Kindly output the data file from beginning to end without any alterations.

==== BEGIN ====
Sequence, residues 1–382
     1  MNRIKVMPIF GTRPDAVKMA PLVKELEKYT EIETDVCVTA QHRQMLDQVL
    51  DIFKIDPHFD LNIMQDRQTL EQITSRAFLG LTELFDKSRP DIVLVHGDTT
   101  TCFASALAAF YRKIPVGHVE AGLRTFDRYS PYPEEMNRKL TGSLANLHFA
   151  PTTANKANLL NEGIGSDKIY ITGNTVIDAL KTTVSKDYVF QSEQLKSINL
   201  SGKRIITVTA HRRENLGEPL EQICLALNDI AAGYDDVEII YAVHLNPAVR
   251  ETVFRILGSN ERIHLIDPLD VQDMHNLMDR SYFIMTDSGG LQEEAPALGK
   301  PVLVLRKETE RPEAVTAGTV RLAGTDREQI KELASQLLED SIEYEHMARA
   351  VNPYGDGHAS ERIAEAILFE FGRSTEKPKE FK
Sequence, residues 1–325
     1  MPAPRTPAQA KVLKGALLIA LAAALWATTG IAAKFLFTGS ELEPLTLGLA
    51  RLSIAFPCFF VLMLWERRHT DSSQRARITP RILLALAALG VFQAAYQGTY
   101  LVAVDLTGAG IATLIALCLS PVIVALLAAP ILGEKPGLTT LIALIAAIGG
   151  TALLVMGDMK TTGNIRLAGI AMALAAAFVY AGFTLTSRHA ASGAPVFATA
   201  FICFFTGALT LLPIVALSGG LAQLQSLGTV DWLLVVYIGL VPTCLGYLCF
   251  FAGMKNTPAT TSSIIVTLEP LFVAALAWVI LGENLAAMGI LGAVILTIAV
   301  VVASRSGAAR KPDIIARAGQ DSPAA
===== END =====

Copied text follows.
Sequence, residues 1–382
     1  MNRIKVMPIF GTRPDAVKMA PLVKELEKYT EIETDVCVTA QHRQMLDQVL
    51  DIFKIDPHFD LNIMQDRQTL EQITSRAFLG LTELFDKSRP DIVLVHGDTT
   101  TCFASALAAF YRKIPVGHVE AGLRTFDRYS PYPEEMNRKL TGSLANLHFA
   151  PTTANKANLL NEGIGSDKIY ITGNTVIDAL KTTVSKDYVF QSEQLKSINL
   201  SGKRIITVTA HRRENLGEPL EQICLALNDI AAGYDDVEII YAVHLNPAVR
   251  ETVFRILGSN ERIHLIDPLD VQDMHNLMDR SYFIMTDSGG LQEEAPALGK
   301  PVLVLRKETE RPEAVTAGTV RLAGTDREQI KELASQLLED SIEYEHMARA
   351  VNPYGDGHAS ERIAEAILFE FGRSTEKPKE FK
Sequence, residues 1–325
     1  MPAPRTPAQA KVLKGALLIA LAAALWATTG IAAKFLFTGS ELEPLTLGLA
    51  RLSIAFPCFF VLMLWERRHT DSSQRARITP RILLALAALG VFQAAYQGTY
   101  LVAVDLTGAG IATLIALCLS PVIVALLAAP ILGEKPGLTT LIALIAAIGG
   151  TALLVMGDMK TTGNIRLAGI AMALAAAFVY AGFTLTSRHA ASGAPVFATA
   201  FICFFTGALT LLPIVALSGG LAQLQSLGTV DWLLVVYIGL VPTCLGYLCF
   251  FAGMKNTPAT TSSIIVTLEP LFVAALAWVI LGENLAAMGI LGAVILTIAV
   301  VVASRSGAAR KPDIIARAGQ DSPAA